_XPPPP        = ((_XDIVP>>1) + 15) & $F                       ' 1->15, 2->0, 4->1, 6->2...30->14
      _CLOCKFREQ    = _XTALFREQ / _XDIV * _XMUL / _XDIVP            ' internal clock frequency                
      _SETFREQ      = 1<<24 + (_XDIV-1)<<18 + (_XMUL-1)<<8 + _XPPPP<<4 + _XOSC<<2  ' %0000_000e_dddddd_mmmmmmmmmm_pppp_cc_00  ' setup  oscillator '' this is used by clkset
    
    ...
       clkset(_SETFREQ, _CLOCKFREQ)
    

    From what I understand it's best to keep xdiv low.. while keeping 100 MHz =< (xtal / xdiv * xmul) >= 200MHz. In my example I'm setting for 20 mhz. I've been using c/ 2 * 16 /2 to match my P1 80mhz clock. Hope this helps a little!

    In cluso's listing there is a constant
    _XSEL     = %11
    
    that isn't in your listing (above). Does that make a difference?
  • cheezuscheezus Posts: 179
    edited 2019-02-21 - 05:03:56
    twm47099 wrote: »
    cheezus wrote: »

    It took me a few but I was able to figure out... if you change CLKSET as follows, you can use cluso's code very easily.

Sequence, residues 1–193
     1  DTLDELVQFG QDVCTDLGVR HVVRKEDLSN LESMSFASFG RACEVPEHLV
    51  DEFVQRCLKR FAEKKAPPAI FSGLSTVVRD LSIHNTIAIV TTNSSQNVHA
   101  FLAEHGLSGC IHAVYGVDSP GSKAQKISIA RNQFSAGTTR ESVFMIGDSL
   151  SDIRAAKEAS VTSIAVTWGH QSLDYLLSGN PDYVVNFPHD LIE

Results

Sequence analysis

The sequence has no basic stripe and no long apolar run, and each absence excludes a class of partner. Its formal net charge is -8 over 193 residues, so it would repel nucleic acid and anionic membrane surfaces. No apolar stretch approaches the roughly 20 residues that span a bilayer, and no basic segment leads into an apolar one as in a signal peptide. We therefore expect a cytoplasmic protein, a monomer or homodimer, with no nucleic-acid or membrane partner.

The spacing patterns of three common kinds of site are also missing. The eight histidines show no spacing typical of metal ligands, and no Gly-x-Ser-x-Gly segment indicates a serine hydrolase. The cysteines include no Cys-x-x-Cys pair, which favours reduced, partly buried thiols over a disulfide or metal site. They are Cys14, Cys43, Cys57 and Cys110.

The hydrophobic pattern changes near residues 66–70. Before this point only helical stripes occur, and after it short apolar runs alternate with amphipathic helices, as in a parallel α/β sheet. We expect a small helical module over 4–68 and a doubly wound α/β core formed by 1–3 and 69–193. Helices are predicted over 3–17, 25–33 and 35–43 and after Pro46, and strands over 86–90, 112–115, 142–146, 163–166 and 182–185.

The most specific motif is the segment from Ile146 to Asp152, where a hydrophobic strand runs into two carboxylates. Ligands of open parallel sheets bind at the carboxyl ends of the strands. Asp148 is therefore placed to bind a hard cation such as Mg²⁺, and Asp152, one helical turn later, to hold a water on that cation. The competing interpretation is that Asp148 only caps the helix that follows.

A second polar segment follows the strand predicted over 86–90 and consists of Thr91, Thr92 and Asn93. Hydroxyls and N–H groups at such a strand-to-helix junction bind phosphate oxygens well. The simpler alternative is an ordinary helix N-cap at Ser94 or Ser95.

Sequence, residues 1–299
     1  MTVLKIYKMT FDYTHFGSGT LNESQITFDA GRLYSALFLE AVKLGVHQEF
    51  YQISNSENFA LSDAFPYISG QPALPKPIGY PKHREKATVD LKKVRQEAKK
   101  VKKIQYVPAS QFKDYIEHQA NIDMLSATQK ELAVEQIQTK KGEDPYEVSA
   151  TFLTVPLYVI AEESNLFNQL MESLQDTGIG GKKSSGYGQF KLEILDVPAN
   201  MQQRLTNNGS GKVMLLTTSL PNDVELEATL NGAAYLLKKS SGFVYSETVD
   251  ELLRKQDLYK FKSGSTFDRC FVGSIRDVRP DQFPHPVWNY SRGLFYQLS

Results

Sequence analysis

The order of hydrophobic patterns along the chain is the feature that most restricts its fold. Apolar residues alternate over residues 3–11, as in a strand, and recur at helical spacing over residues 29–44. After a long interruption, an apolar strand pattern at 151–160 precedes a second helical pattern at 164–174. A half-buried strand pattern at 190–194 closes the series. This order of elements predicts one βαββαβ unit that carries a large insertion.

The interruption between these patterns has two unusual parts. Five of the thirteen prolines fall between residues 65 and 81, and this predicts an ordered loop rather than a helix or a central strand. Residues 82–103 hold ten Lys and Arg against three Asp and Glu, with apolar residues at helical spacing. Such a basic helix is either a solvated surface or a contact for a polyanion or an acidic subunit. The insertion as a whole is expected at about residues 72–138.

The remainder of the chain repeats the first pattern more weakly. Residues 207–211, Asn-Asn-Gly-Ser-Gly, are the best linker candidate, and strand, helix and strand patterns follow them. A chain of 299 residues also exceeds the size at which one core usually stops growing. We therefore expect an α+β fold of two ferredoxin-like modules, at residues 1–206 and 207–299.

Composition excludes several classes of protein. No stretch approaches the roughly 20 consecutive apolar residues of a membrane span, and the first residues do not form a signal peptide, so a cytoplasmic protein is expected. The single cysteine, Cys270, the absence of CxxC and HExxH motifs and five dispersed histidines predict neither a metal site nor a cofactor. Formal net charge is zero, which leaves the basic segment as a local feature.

_XTALFREQ     = 20_000_000                                    ' crystal frequency
      _XDIV         = 1                                             ' crystal divider to give 20MHz
      _XMUL         = 5                                          ' crystal / div * mul (100mhz)
      _XDIVP        = 4                                             ' crystal / div * mul /divp to give _CLKFREQ (1,2,4..30)
      _XOSC         = %10                                  'OSC    ' %00=OFF, %01=OSC, %10=15pF, %11=30pF 
      _XPPPP        = ((_XDIVP>>1) + 15) & $F                       ' 1->15, 2->0, 4->1, 6->2...30->14
      _CLOCKFREQ    = _XTALFREQ / _XDIV * _XMUL / _XDIVP            ' internal clock frequency                
      _SETFREQ      = 1<<24 + (_XDIV-1)<<18 + (_XMUL-1)<<8 + _XPPPP<<4 + _XOSC<<2  ' %0000_000e_dddddd_mmmmmmmmmm_pppp_cc_00  ' setup  oscillator '' this is used by clkset
    
    ...
       clkset(_SETFREQ, _CLOCKFREQ)
    

    From what I understand it's best to keep xdiv low.. while keeping 100 MHz =< (xtal / xdiv * xmul) >= 200MHz. In my example I'm setting for 20 mhz. I've been using c/ 2 * 16 /2 to match my P1 80mhz clock. Hope this helps a little!

    In cluso's listing there is a constant
    _XSEL     = %11
    
    that isn't in your listing (above). Does that make a difference?